I've been obsessed with this question. It all started after reading the literature of pre-insulin treatment of diabetes and insulin-free animal models of the disease. Feeding fats and restricted protein, with no or minimal carbohydrate, gives the best prognosis without insulin; also fasting, which tends towards a similar mix of substrates. Then I read the literature showing inferior prognosis of type 2 diabetes with higher-carbohydrate, post-1977 diets; the longer carbohydrate is fed, the more fasting glucose climbs. Most of the glucose in the blood of diabetics comes from hepatic GNG, not dietary carbohydrate (I'm grateful to Carbsane for pointing this out to me originally - it's an important point).
I read the Richard K. Bernstein paper which describes tight control of glucose using low doses of insulin and a low carb diet, and then I watched the Robert Unger lecture I linked to in the previous post, and saw a slide of blood glucose levels in a mouse with no beta cells, given insulin normally (wide fluctuations ranging into hypo- and hyperglycaemia) or given insulin plus a glucagon antagonist.



Also compare the recent case study "Type 1 diabetes mellitus successfully managed with the paleolithic ketogenic diet" by  Tóth and Clemens.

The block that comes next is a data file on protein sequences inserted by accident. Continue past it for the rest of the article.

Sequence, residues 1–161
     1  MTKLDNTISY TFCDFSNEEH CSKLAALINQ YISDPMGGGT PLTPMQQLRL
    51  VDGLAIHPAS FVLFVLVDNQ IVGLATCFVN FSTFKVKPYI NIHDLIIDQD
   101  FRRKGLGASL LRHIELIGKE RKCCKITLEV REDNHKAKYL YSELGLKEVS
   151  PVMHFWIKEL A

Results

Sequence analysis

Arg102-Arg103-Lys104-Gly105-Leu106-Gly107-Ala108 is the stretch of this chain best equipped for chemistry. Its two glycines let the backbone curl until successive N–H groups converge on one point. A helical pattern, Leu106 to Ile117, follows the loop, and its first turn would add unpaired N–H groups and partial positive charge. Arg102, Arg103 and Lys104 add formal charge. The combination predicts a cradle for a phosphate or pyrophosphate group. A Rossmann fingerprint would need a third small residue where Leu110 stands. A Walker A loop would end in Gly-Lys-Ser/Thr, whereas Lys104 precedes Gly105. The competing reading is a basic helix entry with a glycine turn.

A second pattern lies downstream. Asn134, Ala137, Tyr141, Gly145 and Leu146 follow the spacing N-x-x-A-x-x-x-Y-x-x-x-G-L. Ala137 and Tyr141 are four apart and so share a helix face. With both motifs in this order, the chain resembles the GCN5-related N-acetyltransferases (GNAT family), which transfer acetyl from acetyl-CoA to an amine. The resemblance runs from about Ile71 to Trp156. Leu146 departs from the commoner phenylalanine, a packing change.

"He was put on insulin replacement therapy (38 IU of insulin) and standard conventional diabetes diet with six meals containing 240 grams carbohydrate daily. He followed this regime for 20 days. While on this regime his glucose levels fluctuated between 68–267 mg/dL.
Average blood glucose level while on the standard diabetes diet with insulin was 119 mg/dL while 85 mg/dL on the paleolithic-ketogenic diet without insulin. Fluctuations in glucose levels decreased 
as indicated by a reduction of standard deviation values from 47 mg/dL on the standard diabetes diet to 9 mg/dL on the paleolithic-ketogenic diet. Average postprandial glucose elevation on the standard diabetes diet was 23 mg/dL while only 5.4 mg/dL on the paleolithic-ketogenic diet." 

Again the question - why does LCHF (or fasting) act like the glucagon receptor antagonist? Why does feeding glucose worsen hyperglycaemia and ketoacidosis, and fat improve them, when fat, and protein, not glucose, are the gluconeogenic and ketogenic substrates?
Could it be that in diabetes - when there is no insulin present, or when the cells of the liver are highly insulin-resistant, or when subcutaneous insulin fails to give attain an adequate concentration in the portal vein feeding the liver - glucose itself in some way promotes gluconeogenesis and ketogenesis?